We’ve seen an increase in the number of clients seeking advice in relation to making a lifetime transfer of their property or creating a trust/right to reside in their property in their lifetimes.

More often than not, their primary aim in doing so is for tax and future planning purposes.

That’s a wise aim, but it’s more complicated than that.

Read the article below for a recent horror story and what it means to you.

When things go wrong

A Mother (82) lived with her daughter (52). The Mother had owned the house in London, for 40 years. The property was divided into flats – The Mother’s upstairs flat was worth £600,000, while the daughter’s was worth £800,000. A total value of £1.4 million.

To avoid inheritance tax (IHT), the Mother willingly transferred the freehold of the entire building to her daughter in 2004.

However, when the daughter had a child in 2008 it gave rise to tension between the pair, and relations eventually broke down. The daughter argued that the Mother continually harassed her, or example, she made loud noises and created leaks into the daughter’s flat downstairs. The Mother refused to let tradespeople enter the flat to fix the leaks, and also made false calls about her daughter to the police and social services.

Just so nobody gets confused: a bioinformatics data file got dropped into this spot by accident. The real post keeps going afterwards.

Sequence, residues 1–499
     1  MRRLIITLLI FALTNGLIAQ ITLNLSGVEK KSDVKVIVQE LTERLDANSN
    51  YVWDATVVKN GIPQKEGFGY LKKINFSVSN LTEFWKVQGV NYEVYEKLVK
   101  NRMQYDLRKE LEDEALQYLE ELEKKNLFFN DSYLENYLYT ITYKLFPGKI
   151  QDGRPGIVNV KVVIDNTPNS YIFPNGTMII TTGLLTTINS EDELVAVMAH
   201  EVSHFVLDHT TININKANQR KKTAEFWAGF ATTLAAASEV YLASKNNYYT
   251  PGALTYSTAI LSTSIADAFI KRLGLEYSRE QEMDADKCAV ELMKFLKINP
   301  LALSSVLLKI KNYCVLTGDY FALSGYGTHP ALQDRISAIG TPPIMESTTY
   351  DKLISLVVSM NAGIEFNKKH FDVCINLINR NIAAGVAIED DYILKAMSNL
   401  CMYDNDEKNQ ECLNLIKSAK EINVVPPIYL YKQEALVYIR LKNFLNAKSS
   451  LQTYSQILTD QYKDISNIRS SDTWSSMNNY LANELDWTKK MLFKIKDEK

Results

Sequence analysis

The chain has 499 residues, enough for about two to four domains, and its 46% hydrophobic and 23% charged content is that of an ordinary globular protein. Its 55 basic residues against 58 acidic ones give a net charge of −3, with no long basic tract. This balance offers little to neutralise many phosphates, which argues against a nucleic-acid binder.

Eventually, the daughter sought to have her mother evicted and the case went to court in 2022.

The judge decided that transferring ownership of the property had been an outright gift, and that the Mother was obliged to vacate the upstairs flat and pay £10,000 in costs.

What this means to you

Things might be OK between all parties at the moment, but it’s important to recognise that, not only can family relationships break down, but people can also go bankrupt, or get divorced, or lose mental capacity or die before you. Any of these events could either change what you want to happen to your assets or mean that the asset is unintentionally owned by a third party. If you have gifted the asset out of your name, you would no longer be able to exercise any control over it.

Inheritance tax and future planning go beyond just financial considerations. As with many areas of life, where there are advantages there are also disadvantages. You should therefore take professional advice on all the implications of transferring the ownership of your property before proceeding to do so.

Tax advisers and solicitors (like us) are experienced at thinking of all the ‘what ifs’ and will take steps to protect you.

Related reading

If you found this information useful, you might also like to read our other articles on the subject:

For more information, please get in touch. We’ll be happy to help.